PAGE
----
Of the ten English cities with mayoral referendum, Nottingham has attracted controversy at times in terms of their no campaign, which has flown close to the wind at times – with government demands ‘no’ posters were taken down – and negative leaflets claiming a mayor would cost an extra million pounds.
Darren Lewis, barrister and chair of Bristol Labour Party, told Left Foot Forward:
“We can all find examples of bad mayors. Just as we can find examples of bad MPs. That doesn’t mean we shouldn’t have either does it?
“Leicester’s elected mayor Peter Soulsby is impressive as he’s done things many Bristolians would like to see, scrap the chief executive and take the power from the unelected to the elected.”
Nottingham South MP Lilian Greenwood doesn’t see things in quite the same way, however, telling Left Foot Forward:
“This unwanted and unnecessary referendum is a distraction from the things people in Nottingham tell us should be the priorities for our city, including cutting crime, creating jobs and improving opportunities for young people.
“We don’t need the Tory-led government in London telling us what’s best for our city.”
• Elected mayors: To vote or not to vote? 26 Apr 2012
• Elected mayors: let the referendum campaigns begin 26 Jan 2012
Greenwood’s take on the referendum echoes the thoughts of many Labour activists across the UK, which she raised with cities minister Greg Clark last week in the House of Commons; she says:
“The double-dip recession and the Tory-led government’s reckless cuts to Nottingham City’s budget pose huge challenges to our city leaders and residents. Our focus should be on meeting those challenges.
“This referendum is an unnecessary and costly distraction.”
“The Tory-led government has said they want to strengthen local democracy and accountability but offer only one option.
“They said it was up to the people of Nottingham to decide, but then sought to rig the outcome by offering mayors access to the prime minister and threatening to exclude cities which choose not to elect a mayor.”
Nottingham is already part of the English Core Cities Group since 1996 and many in the city question the need to change.
“Ministers are offering the possibility of new powers when realistically there are none are on offer. Powers like transport should be devolved from Whitehall but in Nottingham’s case our City’s tightly-drawn boundaries would not be the appropriate level.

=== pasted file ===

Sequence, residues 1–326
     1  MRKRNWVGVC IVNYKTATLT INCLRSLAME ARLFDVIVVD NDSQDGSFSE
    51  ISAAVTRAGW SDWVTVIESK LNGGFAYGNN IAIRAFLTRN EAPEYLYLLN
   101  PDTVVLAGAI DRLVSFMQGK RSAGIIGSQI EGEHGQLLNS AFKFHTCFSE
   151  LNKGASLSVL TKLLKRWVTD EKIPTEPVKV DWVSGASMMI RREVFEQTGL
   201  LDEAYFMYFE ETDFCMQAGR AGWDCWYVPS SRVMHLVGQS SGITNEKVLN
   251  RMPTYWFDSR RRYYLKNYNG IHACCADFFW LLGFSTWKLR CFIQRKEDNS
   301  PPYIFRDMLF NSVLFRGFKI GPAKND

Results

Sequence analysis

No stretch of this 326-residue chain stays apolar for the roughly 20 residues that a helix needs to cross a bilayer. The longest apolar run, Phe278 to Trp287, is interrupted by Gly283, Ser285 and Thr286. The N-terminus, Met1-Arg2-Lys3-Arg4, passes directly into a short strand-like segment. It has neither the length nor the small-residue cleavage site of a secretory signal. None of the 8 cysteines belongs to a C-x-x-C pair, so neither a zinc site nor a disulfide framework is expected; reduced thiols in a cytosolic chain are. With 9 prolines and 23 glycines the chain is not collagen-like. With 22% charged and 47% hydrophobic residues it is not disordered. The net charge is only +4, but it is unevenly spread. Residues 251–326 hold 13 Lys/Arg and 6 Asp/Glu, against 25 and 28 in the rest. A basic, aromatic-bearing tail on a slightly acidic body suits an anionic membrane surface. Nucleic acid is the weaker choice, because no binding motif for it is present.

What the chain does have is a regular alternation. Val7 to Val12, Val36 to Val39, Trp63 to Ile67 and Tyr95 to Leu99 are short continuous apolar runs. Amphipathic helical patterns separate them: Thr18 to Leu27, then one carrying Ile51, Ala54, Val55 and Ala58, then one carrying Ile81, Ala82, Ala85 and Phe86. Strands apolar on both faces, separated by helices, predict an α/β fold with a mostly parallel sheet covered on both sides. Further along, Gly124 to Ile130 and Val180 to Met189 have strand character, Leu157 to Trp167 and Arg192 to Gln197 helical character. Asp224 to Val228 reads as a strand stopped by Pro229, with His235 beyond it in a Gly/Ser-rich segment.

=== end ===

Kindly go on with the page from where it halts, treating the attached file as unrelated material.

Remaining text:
“If powers were contingent on a wider city boundary then the decision can’t just lie with current city voters.
“Any review of boundaries should take into account the outcome of the Boundary Commission’s recommendations for the city parliamentary constituencies rather than risk more confusion about who speaks for the city.
“I note that Greg Clark has suggested a mayor would speak for the conurbation but if so, the conurbation should be voting on whether we have a major and who it is.”
It’s been largely the Labour group campaigning for a ‘no’ vote, though many local business people and community leaders are supportive.
Speaking to Left Foot Forward, David Skelton, deputy director and head of research Policy Exchange, said proponents of the mayor seem to think along the following lines:
“Civic leadership is all too often anonymous and little known. A poll earlier this year showed 85 per cent of people could not name their local council leader. Having a single, well-known advocate is one of the huge advantages of having an elected mayor.
“Another powerful case is as well as doing something to halt the centralisation of power in London, a directly elected mayor in Nottingham would rely on the votes of around 300,000 citizens, rather than the votes of a few councillors behind closed doors.”
Another supporter is Stephen Barker, former director of communications at the council, who told Left Foot Forward
“I think the person who leads Nottingham should be chosen by everyone, not by a few politicians in a secret meeting.”
An eve of poll survey in the Nottingham Post shows undecided voters could yet swing the final result either way, with 39 per cent in favour of the present council leader system, compared to 32 per cent who say they’d like to see a directly elected mayor in charge.
Professor Steven Fielding, director of the Centre for British Politics at the University of Nottingham, told Left Foot Forward:
“People have a vague idea that there’s a referendum. The important thing is going to be who turns out to vote tomorrow and what their views are. I think it will be a relatively low turnout.”
“People often come out to vote against the party in power of the country. With the coalition in charge, it could mean the referendum is be decided by the Labour-inclined voter.”
Those following Steven Fielding on Twitter (@PolProfSteve) have been given this warning though:
“Last word on directly elected mayors: it’s like moving deck chairs on the Titanic.”
As Jo Tanner, director of the campaign for directly elected mayors, admitted to Left Foot Forward:
“An elected mayor is no magic wand. He or she won’t be able to solve every issue that a city faces, certainly not in a single term.
“But, by standing above the political maelstrom and having a mandate direct from the people, they can make a start.”